The themes and threads of this striking exhibit may at first glance seems disparate and even contradictory, but when looked into a little deeper it is clear that all the artworks are woven together, as tight as a rug.
To have a shot at the raffle draw for the prizes, which include gift cards, and an all-inclusive trip package to Whistler, this passport needs to be handed in to the Welcome Centre, whose office is at the Robert E. Lee Alumni Centre.
With around 70 people in attendance, the vigil offered a space for UBC community members and leaders of various faiths to express their grief and stand with the 11 slain.
The comedy was portrayed through a situation that the entire audience had essentially put themselves into: doodling with a bunch of strangers and then yelling about it.
MEEC broadly aims to create a Middle Eastern and North African region (MENA) studies program in the faculty of arts, expand study abroad opportunities in the region and modernize the Arabic language courses available.
Allende's advice on writing touched both on technical elements such as the importance of research and discipline, and on the unquantifiable things that make writing an art.
The name Free Fall conveys a sense of institutional nonchalance while the piece, according to Zhou, is more about overwhelming control.
The exhibition was the result of a year-long PhotoVoice project facilitated by UBC PhD candidate and Public Scholar Neila Miled. It featured a collection of photographs taken by ten young Muslim women, displaced from their home countries, who now live and study in British Columbia.
Despite growing pains, ITASA has been extremely successful in building relationships and working collaboratively with UBC student associations, outside organizations and surprisingly, the Italian Consulate in Vancouver.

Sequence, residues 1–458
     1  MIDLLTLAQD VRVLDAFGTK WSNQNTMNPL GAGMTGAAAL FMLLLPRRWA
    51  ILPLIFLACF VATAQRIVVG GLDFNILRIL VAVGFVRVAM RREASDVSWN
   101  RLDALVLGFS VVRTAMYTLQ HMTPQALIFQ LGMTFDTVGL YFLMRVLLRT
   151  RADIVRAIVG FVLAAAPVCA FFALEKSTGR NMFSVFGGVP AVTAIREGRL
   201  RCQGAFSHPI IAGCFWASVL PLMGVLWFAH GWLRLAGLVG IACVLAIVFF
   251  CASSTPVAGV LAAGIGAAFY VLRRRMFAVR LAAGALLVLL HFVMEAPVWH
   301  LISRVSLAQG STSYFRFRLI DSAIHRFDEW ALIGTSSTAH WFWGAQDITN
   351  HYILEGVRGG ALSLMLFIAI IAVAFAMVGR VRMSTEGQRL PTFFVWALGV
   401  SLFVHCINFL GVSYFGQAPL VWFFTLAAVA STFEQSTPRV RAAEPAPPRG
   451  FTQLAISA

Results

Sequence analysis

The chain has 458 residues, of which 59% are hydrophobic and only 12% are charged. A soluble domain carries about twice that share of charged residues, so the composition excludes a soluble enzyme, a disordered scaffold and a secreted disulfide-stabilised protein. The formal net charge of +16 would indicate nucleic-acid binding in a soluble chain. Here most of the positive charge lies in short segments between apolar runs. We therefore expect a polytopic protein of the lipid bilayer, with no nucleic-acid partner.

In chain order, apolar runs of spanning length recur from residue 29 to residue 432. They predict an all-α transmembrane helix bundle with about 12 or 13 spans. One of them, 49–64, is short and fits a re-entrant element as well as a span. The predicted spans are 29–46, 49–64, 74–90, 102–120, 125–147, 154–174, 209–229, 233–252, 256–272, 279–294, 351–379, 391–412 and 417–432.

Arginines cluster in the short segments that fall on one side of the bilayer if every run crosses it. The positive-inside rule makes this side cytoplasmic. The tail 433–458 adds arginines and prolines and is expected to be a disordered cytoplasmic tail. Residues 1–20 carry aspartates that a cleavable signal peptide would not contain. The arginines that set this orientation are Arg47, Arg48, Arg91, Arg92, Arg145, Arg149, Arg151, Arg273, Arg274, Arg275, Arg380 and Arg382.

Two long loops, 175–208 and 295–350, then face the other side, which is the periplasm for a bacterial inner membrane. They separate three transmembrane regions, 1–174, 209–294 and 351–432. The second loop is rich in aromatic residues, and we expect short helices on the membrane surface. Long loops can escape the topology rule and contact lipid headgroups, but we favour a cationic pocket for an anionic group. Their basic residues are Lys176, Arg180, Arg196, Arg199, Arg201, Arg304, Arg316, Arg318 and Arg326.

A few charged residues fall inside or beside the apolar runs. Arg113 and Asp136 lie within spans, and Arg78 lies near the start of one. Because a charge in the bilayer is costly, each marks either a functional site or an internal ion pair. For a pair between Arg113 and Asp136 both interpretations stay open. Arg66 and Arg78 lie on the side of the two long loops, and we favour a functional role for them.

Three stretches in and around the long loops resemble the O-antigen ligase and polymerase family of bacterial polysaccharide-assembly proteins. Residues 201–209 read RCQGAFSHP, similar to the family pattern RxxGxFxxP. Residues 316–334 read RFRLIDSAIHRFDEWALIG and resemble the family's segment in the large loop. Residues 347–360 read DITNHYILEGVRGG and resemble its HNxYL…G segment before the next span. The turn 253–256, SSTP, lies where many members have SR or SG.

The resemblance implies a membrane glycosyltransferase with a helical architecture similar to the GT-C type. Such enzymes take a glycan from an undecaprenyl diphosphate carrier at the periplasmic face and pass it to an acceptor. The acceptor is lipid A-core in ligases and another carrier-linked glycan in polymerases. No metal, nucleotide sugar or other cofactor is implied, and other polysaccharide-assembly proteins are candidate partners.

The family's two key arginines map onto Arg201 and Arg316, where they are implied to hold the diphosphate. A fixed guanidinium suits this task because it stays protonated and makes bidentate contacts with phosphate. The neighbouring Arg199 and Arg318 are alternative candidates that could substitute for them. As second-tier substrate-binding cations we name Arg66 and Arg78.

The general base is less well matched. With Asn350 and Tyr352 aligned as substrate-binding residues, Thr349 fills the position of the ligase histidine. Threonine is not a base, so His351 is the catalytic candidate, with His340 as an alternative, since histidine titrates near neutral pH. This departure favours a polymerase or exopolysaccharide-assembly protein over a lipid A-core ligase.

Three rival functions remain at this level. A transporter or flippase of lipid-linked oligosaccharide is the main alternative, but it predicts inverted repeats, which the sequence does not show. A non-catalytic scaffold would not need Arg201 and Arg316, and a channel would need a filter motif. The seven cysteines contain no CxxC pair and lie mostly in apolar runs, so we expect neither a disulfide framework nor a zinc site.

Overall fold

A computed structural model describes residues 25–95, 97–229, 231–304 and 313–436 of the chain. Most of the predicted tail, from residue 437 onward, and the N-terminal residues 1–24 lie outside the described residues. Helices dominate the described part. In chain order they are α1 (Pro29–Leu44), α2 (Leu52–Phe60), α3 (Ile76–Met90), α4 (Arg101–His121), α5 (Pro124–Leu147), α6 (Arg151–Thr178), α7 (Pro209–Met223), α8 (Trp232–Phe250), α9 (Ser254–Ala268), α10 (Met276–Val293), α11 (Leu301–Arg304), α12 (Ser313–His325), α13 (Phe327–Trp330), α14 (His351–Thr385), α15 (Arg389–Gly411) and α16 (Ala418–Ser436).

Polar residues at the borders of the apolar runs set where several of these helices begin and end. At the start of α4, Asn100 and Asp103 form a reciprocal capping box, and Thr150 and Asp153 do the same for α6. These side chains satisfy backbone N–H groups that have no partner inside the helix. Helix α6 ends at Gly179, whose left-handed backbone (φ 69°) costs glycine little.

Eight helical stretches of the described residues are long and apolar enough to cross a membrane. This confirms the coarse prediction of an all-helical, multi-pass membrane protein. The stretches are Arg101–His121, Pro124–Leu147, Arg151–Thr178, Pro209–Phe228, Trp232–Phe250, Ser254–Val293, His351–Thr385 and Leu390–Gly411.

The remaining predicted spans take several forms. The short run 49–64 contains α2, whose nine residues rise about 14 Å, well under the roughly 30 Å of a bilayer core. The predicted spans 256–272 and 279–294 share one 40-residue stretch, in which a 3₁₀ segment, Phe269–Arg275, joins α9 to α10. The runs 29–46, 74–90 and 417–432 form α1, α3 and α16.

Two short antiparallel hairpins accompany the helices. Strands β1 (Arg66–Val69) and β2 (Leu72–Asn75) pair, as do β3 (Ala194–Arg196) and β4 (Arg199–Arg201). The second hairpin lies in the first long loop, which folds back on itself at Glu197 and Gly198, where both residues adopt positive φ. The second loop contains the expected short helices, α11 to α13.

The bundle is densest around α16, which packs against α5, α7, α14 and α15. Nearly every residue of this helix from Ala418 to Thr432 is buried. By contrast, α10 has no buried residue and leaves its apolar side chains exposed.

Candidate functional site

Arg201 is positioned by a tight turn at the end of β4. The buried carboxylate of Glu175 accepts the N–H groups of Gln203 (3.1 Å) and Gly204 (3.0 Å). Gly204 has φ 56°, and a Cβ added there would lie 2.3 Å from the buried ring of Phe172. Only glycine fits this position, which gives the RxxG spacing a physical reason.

UBC cancelled an “accent reduction workshop” for international co-op students following backlash.
The body of work produced by current decolonial artists grapples with ancient legacies while breaking new ground.
This program, called “A Taste of Coexistence,” was first conceived of last November as a replacement to Hillel House’s hot lunch program. The lunch series is meant to celebrate what Palestinians and Israelis have in common.
The co-presidents of the Black Student Union see being Black as an inclusive and expansive identity. It speaks to a certain shared experience and one that is something to be proud of.
“Turn It Up and Disrupt” was held from March 9 to 11 and was organized by nine campus sponsors including the UBC Arts and Culture District and the faculty of arts.
I do admit that putting together a variety of artworks which all engage with the meaning of a theme at different levels and contexts is a fascinating idea in theory. But when confronted with it in real life, my attention was stretched.